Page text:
and co-funded projects) mechanisms.




The SWFWMD Staff Proposed Approach for Setting Levels

Existing Level Above MFL

Apply Unique Factors Either level
can be MFL
Adjusted Level

Address through P-factors
on permits, and projects
Existing Level Below MFL

Description of Approach:

Uses science to determine the environmentally-sustainable flow or level
Allows consideration of any unique factors that might prohibit attainment of the
sustainable level (e.g., the existence of a sinkhole)

Allows establishment of the minimum flow or level at either the science level or adjusted
level, as deemed appropriate by the Governing Board

Establishes the MFL as a long-term average level for use in allocating withdrawals and
evaluating proposed surface water alterations

When the existing level is below the MFL, establishment of the MFL does not cause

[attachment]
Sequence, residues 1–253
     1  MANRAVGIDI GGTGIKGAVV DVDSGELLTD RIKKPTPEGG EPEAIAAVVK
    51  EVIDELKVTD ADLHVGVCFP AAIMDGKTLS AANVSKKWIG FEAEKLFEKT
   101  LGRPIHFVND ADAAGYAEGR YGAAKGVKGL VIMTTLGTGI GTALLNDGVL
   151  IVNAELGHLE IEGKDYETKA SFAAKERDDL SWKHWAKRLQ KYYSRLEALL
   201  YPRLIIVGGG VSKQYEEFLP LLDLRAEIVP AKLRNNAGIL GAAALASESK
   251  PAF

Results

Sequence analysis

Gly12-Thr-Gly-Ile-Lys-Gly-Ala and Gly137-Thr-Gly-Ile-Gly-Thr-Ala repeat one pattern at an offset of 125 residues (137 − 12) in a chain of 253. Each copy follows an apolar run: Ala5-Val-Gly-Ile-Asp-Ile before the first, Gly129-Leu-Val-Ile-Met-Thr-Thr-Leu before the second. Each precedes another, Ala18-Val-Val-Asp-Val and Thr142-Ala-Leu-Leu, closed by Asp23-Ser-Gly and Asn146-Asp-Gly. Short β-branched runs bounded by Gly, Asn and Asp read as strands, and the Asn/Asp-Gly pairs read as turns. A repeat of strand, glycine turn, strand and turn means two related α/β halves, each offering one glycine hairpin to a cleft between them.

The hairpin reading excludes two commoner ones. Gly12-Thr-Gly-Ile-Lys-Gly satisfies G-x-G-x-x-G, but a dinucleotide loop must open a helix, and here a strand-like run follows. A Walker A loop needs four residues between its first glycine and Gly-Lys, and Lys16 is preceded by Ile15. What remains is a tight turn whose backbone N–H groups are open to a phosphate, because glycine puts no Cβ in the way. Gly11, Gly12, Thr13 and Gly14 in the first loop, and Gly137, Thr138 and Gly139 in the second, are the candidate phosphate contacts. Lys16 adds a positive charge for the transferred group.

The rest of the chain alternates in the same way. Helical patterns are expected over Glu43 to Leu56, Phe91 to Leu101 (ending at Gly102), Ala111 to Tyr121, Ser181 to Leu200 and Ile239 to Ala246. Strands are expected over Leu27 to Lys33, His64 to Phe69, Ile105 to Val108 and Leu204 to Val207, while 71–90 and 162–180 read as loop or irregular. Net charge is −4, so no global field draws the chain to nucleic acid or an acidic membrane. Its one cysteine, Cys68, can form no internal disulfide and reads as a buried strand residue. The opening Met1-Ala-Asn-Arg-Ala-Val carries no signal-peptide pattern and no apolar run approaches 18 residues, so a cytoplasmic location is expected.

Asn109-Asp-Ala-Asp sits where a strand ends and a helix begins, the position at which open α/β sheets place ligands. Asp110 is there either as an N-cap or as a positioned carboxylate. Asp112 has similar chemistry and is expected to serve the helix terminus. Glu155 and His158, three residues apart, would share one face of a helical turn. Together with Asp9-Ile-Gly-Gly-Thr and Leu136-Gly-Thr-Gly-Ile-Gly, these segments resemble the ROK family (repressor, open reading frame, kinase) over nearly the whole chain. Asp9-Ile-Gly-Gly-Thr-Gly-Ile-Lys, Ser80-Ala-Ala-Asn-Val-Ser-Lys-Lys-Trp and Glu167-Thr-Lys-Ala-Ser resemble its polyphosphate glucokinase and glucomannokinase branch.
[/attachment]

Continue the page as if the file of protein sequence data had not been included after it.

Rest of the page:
existing users to automatically be in violation of the flow or level
When the existing level is below the MFL, allows site-specific consideration of the
practicality of attaining the MFL at the time of permit evaluation of existing users
When the existing level is above the MFL, District permitting programs would not allow
surface water alterations (40D-4) or withdrawals (40D- 2) to exceed the MFL
When the existing level is above the MFL, water users are provided with availability information
useful for planning purposes

Allows District to use a combination of projects and permitting to achieve sustainability where

Recognizes that a sustainable flow or level that's unattainable today may be attainable in the future
as technology advances